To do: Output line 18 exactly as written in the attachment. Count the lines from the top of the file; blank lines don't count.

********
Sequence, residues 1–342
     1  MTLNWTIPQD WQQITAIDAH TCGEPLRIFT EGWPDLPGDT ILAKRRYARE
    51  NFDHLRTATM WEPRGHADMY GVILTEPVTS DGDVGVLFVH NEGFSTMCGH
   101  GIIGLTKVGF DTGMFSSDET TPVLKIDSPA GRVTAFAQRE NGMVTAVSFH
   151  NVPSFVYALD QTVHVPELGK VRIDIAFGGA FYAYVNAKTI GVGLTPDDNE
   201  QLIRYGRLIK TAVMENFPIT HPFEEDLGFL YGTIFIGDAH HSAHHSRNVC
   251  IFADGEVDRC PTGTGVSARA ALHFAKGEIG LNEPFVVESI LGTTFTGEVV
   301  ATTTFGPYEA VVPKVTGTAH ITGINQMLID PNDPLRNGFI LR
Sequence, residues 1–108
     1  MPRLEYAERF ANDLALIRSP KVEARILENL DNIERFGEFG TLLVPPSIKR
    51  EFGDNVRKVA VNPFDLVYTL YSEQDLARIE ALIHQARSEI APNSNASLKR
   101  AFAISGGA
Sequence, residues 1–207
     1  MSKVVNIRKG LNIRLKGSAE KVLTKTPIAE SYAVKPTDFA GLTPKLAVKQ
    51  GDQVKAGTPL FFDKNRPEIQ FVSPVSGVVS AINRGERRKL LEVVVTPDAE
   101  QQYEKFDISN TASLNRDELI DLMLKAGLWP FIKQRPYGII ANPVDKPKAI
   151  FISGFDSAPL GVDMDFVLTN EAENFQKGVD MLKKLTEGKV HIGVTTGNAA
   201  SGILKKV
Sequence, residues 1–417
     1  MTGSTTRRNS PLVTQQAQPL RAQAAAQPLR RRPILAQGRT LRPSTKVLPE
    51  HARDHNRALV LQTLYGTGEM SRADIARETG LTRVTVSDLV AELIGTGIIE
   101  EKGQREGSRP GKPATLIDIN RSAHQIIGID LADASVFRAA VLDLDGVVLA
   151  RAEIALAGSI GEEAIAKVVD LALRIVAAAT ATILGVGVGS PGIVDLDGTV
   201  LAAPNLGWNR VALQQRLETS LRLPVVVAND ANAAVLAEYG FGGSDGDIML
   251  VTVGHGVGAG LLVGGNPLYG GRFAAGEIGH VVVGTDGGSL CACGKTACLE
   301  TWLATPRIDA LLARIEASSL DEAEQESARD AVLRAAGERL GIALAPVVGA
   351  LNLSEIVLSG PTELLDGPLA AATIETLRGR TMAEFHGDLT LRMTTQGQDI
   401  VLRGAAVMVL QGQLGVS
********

   201  SGILKKV